Freddy Adu

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Freddy Adu

Freddy Adu (born June 2, 1989) is a Ghanaian native who has gained fame for his prodigious soccer talents. At the age of 14, he signed a professional contract with the D.C. United Major League Soccer (MLS) soccer team on November 18, 2003. Adu left Ghana with his family in 1997, and is now a resident of Potomac, Maryland in the United States and a U.S. citizen. Adu learned to kick a ball at the age of two; soon after he was hitting rocks and refreshment bottles barefooted like many African soccer stars before him.

At age 13, Adu joined the Bradenton Academy, U.S. Soccers full-time residency program, in January 2002. Some major European teams, including Manchester United, looked into the possiblity of signing Adu but due to employment legislation in Britain that states players cannot join English Premier League teams professionally until they turn 17; before this they are limited to very low paying apprenticeship contracts. Adu's agent opted for a contract in the United States, partially because of the financial situation, but also because joining MLS gave the young player the opportunity to play professional soccer very near to his home in Potomac, Md.

Adu played for the United States in two tournaments in 2003, the World Under-17 Championship in Finland and the World Youth Championship in the United Arab Emirates.

In order to allow Adu to play close to home, MLS assigned him to D.C. United, on November 18, 2003, working a deal with the Dallas Burn who owned the top pick in the 2004 MLS SuperDraft. Dallas was compensated with a player allocation. Having already signed with D.C. United, Adu effectively became the first player selected, in that draft, two months before it officially took place.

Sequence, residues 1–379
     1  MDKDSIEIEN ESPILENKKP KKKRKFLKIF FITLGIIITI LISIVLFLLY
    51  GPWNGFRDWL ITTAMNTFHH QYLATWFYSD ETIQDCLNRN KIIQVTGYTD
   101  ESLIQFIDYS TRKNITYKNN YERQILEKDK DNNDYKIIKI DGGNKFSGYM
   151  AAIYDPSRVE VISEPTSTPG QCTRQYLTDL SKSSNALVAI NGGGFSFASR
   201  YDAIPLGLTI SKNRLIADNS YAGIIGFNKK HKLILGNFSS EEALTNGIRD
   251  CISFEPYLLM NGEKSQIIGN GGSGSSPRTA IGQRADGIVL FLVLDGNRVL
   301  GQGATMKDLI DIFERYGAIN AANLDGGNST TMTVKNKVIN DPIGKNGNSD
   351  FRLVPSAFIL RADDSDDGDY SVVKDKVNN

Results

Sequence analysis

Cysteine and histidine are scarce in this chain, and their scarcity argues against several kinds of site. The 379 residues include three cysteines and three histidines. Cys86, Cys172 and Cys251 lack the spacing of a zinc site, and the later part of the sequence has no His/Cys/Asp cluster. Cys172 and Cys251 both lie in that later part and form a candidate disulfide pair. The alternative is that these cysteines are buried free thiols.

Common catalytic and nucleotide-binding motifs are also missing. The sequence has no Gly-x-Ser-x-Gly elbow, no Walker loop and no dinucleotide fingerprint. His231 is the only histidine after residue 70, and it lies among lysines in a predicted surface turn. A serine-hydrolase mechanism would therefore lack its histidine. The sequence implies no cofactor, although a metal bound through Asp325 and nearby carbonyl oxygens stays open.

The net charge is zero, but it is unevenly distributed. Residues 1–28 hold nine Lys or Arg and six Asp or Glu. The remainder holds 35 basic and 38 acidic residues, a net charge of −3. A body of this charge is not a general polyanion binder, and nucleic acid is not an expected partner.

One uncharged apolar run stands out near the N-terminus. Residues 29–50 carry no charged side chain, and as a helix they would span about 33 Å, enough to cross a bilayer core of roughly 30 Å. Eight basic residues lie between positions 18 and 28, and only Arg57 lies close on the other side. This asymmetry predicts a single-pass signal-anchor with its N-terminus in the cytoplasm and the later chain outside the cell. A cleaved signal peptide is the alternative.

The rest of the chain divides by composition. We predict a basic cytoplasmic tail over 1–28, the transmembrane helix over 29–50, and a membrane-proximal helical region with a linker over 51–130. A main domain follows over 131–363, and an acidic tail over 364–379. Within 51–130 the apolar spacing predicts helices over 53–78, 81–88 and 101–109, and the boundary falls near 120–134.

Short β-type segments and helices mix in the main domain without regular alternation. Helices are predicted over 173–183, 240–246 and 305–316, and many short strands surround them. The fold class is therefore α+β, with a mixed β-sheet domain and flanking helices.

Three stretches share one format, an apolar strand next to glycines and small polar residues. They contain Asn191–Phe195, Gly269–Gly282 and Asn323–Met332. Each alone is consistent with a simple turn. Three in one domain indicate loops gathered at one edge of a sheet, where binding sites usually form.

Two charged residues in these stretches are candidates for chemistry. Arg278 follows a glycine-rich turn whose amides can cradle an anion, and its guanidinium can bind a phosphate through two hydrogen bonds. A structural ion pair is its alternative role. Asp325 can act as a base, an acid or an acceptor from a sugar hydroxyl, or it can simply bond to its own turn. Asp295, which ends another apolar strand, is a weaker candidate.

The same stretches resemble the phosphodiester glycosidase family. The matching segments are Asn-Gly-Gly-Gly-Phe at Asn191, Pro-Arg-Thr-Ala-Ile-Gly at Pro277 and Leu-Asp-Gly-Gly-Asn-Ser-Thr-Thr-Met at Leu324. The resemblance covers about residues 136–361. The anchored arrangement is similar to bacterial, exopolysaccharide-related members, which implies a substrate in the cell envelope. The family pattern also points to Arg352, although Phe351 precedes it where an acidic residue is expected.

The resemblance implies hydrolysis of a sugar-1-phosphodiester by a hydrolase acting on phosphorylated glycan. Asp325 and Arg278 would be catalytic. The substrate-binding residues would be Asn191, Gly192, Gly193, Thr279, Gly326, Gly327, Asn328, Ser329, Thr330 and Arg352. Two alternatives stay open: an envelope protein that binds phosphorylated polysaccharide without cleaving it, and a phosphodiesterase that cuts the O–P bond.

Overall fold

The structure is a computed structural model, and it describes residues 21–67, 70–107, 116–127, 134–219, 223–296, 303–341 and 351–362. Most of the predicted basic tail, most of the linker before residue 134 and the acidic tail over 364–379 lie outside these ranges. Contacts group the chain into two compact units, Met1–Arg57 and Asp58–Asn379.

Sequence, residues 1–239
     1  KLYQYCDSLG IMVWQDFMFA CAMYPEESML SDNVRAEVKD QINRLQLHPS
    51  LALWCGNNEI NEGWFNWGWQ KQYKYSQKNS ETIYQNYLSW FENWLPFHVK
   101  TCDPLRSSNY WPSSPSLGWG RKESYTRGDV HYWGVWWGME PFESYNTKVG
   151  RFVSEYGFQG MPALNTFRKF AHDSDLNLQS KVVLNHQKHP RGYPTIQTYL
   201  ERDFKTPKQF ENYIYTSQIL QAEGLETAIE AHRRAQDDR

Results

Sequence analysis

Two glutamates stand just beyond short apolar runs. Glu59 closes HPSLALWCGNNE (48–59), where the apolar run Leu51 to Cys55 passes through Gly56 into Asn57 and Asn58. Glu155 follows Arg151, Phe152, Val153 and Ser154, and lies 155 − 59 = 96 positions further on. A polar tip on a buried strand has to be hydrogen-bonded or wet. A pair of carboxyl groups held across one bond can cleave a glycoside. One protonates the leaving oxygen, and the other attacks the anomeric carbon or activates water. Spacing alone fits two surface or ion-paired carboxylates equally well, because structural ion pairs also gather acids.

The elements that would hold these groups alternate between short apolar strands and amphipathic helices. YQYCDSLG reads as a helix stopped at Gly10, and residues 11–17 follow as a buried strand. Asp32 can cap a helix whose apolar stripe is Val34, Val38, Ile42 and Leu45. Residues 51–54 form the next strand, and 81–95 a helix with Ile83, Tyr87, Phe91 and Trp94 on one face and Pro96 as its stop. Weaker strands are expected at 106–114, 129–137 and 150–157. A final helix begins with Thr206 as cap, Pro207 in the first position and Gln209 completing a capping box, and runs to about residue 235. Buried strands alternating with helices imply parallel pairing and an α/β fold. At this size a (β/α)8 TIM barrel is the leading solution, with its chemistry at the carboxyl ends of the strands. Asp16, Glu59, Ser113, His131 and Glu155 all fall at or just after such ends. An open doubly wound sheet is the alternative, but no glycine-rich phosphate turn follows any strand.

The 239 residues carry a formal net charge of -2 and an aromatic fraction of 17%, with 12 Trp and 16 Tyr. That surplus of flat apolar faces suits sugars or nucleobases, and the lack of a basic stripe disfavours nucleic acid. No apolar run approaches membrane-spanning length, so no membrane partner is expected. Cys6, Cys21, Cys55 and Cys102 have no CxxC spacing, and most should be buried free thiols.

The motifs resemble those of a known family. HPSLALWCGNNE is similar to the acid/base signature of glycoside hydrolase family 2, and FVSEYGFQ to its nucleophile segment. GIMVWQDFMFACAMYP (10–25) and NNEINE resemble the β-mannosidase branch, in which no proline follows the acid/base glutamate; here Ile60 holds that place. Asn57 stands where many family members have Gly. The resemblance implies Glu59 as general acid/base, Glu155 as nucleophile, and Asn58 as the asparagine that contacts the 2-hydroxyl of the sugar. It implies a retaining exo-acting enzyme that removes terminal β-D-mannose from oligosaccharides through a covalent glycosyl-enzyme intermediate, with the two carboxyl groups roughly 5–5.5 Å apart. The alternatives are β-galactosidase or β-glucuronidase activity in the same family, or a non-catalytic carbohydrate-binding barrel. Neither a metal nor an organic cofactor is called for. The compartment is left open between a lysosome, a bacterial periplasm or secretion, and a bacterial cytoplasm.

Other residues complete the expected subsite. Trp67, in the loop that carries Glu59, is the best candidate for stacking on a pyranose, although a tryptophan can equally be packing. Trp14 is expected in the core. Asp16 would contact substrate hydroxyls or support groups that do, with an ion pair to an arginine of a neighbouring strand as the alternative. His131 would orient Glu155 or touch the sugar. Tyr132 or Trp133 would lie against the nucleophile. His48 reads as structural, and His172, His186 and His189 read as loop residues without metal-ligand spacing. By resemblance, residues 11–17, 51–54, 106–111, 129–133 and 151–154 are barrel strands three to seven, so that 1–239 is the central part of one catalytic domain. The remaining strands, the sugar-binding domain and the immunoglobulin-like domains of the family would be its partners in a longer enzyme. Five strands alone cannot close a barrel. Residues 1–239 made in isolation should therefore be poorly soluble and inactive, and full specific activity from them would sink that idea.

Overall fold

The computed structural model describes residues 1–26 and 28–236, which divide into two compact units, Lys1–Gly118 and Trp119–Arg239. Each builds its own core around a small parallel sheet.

On April 3, Adu came on in United's first game of the 2004 season against the San Jose Earthquakes as a second-half substitute, making him the youngest professional sportsman in United States professional sports history since fourteen-year-old Fred Chapman played Major League Baseball in Philadelphia in 1887. On April 17, he scored his first professional goal in the 75th minute of a 3-2 away loss against the MetroStars.

With United, Adu joins the other young soccer signees Bobby Convey (in 2000 at 16 was the youngest player ever signed by MLS and did see action in his first seasons) and Santino Quaranta (in 2001 at 16 years, four months of age, Santino Quaranta became the youngest player drafted by MLS prior to Adu).

In his first season as a professional, Adu showed a great deal of potential, pouted about playing time, and finished the year with five goals and three assists, while playing in all 30 regular season games. Although briefly a starter, Adu was relegated to a substitute when D.C. United acquired central midfielder Christian Gmez midseason, and it was in this role that he appeared in United's MLS Cup victory. He played in three of D.C.'s four playoff games, coming off the bench each time; he tallied one assist in the postseason.

Despite his success, Adu was criticized from a number of different angles in his first season as a professional. Some soccer commentators have suggested that Adu is too young to be playing professionally, and that he needs more time to develop mentally amongst players his own age. Others have suggested that Adu is in fact playing against players his own age, and that his Ghanian birth certificate was doctored; no evidence has been found to support this conclusion, however.

One person who has little doubt about Adu's abilities is United States men's national team coach Bruce Arena. "He's a very graceful athlete," said Arena. "His first touch and his vision are outstanding for a player of his age."

Adu is an admirer of Argentina's Diego Maradona.

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